Metal-Organic Frameworks As Solid-State Li-Ion Electrolyte

Monday, 27 July 2015
Hall 2 (Scottish Exhibition and Conference Centre)
M. J. Mees (Eindhoven University of Technology/imec), G. Pourtois (imec), A. Stesmans (University of Leuven), S. De Gendt (imec), M. Creatore, W. M. M. Kessels (Eindhoven University of Technology), and P. M. Vereecken (imec)
The use of nanostructured materials can make a significant contribution to the development of solid-state batteries [1-3]. We here focus on a class of nanostructured materials called metal-organic frameworks (MOFs), which exhibits promising properties that potentially meet the requirements of a solid-state Li-ion electrolyte in terms of high ionic conductivity (> 10-4 S/cm) and low electronic leakage. MOFs are hybrid nanoporous solids that result from a reaction of organic ligands and metallic cations to create a three-dimensional controlled skeleton. Fig. 1 illustrates the crystal structure of the so called MIL-121 MOF [4]. The 1D pores of this structure by which the transport of ions is carried out have promising dimensions. Indeed, the large nano-crystalline pores of the MOFs are expected to lead to a high ionic conductivity, as the mobile ions are not sterically hindered inside the pores. The diffusion mechanism in a functionalized MOF is expected to occur in a similar way to the one of an adatom on top of a surface. A general used approach to create a Li+ ion conductive MOF focusses on the inclusion of a lithium salt in the MOF pores. Yanai et al. [5] reported that the incorporation of a complex of polyethylene glycol with LiBF4 into the nanochannels of a Zn-MOF leads to a liquid-like mobility of the Li-ions (activation energy of diffusion equals 0.18 eV). Wiers et al. demonstrates the uptake of lithium isopropoxide (LiOiPr) salt in a Mg-MOF. The salt is electrostatically bound to the open metal centers of this Mg-MOF. An ionic conductivity of 3.1x10-4 S/cm is reported. By a similar approach Ameloot et al. [6] introduced a lithium salt in a Zr-MOF. Here, the lithium salt is chemically bound to the organic ligands of the MOF.

Fig. 1 shows the crystal structure of the MIL-121 which we investigated with first-principles techniques based on density functional theory (DFT). The carboxyl-groups in this structure rotate themselves such that their acidic framework protons (labeled A in Fig. 1) interact with two carboxyl-groups. Consequently, an open-pore structure is obtained. To include lithium in the pores of the MIL-121 the acidic framework protons labeled A in Fig. 1 are substituted by Li+ ions. This idea is similar to the one proposed by Himsl et al. [7]. Only here, the lithium-proton exchange reaction occurs on a carboxyl-group rather than on a hydroxyl one. The higher acidity of the carboxyl-groups with respect to the hydroxyl ones potentially results in a higher lithium concentration. Furthermore, the weak bond between the –COO- anion and the Li+ cation, and the rotational freedom of the carboxyl-group are expected to further improve the ionic conductivity.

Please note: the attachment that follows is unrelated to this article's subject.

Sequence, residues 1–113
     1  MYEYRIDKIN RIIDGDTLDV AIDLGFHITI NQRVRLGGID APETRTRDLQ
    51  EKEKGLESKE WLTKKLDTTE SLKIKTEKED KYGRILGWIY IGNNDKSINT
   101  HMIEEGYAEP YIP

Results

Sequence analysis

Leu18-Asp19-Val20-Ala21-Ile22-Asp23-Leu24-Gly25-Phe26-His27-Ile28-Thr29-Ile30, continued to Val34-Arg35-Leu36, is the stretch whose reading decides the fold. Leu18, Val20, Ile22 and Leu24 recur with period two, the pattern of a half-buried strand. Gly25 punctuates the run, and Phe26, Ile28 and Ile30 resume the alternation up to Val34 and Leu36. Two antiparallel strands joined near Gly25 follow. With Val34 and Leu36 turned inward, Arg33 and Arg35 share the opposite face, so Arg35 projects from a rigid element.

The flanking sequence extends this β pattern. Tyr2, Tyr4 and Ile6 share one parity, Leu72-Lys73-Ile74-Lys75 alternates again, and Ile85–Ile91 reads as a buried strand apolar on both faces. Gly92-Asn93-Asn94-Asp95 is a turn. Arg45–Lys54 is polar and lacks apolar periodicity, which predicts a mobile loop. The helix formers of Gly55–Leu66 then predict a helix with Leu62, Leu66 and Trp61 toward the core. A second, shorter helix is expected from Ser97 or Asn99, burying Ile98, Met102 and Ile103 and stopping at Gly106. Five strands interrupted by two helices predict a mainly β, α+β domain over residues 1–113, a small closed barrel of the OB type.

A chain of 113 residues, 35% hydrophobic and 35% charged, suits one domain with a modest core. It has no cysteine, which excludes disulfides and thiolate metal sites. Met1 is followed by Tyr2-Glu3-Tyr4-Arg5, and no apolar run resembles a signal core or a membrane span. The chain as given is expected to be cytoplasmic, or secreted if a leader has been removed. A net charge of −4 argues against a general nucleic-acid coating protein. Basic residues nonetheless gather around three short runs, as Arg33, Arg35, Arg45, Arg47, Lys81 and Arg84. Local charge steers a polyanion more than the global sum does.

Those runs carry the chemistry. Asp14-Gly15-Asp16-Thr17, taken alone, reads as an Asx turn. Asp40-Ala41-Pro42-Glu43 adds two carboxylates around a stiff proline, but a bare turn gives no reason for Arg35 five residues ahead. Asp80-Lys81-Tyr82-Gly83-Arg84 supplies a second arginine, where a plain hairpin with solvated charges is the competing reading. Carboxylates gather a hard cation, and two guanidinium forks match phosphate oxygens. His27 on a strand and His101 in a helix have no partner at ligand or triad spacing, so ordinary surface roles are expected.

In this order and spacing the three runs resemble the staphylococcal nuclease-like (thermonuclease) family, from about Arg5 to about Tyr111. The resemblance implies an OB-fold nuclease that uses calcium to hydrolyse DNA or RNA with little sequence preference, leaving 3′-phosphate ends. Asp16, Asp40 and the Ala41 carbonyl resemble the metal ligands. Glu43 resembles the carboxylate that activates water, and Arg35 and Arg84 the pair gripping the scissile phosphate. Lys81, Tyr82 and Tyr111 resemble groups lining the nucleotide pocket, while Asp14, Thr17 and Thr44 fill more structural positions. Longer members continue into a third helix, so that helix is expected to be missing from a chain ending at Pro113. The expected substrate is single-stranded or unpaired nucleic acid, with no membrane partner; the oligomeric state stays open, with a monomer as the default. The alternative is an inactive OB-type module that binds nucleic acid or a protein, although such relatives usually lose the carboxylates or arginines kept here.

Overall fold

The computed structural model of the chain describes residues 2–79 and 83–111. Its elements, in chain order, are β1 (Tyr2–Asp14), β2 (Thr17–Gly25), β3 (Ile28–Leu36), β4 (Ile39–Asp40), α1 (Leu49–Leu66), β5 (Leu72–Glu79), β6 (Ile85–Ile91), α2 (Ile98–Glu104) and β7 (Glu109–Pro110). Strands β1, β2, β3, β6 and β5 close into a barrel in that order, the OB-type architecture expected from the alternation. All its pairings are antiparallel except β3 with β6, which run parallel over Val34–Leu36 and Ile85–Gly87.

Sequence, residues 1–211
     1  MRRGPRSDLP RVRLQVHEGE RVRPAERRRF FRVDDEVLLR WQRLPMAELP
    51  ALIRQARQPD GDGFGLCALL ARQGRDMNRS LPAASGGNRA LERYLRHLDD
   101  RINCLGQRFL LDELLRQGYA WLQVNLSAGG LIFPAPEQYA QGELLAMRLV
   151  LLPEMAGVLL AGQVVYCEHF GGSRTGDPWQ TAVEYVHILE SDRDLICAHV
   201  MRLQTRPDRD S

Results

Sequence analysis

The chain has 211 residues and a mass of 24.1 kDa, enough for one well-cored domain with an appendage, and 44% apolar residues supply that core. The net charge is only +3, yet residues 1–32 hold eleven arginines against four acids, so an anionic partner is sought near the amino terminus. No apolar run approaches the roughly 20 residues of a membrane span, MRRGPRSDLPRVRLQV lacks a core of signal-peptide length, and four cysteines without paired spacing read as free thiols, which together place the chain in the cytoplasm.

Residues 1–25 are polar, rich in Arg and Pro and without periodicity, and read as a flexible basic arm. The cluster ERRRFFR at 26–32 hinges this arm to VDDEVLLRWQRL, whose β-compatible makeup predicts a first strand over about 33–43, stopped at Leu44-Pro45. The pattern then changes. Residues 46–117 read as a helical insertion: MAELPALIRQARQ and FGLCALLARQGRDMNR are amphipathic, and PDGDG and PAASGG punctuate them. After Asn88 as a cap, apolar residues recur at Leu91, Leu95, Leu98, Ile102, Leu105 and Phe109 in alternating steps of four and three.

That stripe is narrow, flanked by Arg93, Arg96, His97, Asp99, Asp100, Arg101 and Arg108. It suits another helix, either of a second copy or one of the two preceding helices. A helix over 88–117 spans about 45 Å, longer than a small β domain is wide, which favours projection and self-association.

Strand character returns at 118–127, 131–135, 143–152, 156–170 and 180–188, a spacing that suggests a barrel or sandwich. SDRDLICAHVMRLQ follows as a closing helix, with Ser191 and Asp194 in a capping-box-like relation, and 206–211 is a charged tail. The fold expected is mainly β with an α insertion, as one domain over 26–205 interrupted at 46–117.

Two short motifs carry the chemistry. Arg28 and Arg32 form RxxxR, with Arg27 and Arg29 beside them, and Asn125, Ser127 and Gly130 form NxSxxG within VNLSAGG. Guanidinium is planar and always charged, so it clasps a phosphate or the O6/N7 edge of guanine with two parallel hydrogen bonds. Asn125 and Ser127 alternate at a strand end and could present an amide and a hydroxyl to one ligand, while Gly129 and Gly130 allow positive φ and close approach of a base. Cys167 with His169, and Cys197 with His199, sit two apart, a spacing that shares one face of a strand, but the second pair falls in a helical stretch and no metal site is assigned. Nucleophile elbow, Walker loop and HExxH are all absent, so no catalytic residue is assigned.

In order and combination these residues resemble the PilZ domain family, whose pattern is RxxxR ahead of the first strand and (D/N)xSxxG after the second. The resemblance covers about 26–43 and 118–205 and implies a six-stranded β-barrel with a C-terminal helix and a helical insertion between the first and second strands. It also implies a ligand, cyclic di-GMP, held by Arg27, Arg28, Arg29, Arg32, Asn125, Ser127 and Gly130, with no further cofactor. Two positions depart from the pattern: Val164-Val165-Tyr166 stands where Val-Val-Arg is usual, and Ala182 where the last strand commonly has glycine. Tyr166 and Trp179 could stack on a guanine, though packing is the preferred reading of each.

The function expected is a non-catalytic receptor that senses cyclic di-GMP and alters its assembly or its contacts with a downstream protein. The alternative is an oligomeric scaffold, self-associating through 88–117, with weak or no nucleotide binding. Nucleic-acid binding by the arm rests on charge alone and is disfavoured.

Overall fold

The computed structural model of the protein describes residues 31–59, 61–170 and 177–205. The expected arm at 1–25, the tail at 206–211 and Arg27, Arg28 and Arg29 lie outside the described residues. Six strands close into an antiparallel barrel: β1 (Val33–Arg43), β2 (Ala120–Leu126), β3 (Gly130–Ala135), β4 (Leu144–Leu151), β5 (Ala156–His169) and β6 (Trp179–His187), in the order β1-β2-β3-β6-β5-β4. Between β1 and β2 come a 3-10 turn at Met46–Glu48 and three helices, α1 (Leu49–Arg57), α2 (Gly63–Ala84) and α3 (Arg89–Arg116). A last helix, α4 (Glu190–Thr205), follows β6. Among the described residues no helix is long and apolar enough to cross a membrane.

We will present the modeling methodology that enables us to simulate Li+ ion conductivity in the MOF pores, followed by a discussion on the obtained results. The results cover the evolution of the structural parameters and the electronic structure of the MIL-121 unit cell for different lithium concentrations. Furthermore, the binding energies of the different acidic framework protons A, B, and C (see Fig. 1) are compared to each other. Finally, the dynamics of the atoms in the unit cell of the MIL-121 is studied for the highest possible lithium concentration in which all acidic framework protons A are substituted by a Li+ ion. The results of this study give us atomistic insight on the behavior of the Li-ions in MOF pores. These results lead to useful suggestion to further develop MOF as solid-state Liion electrolytes. 

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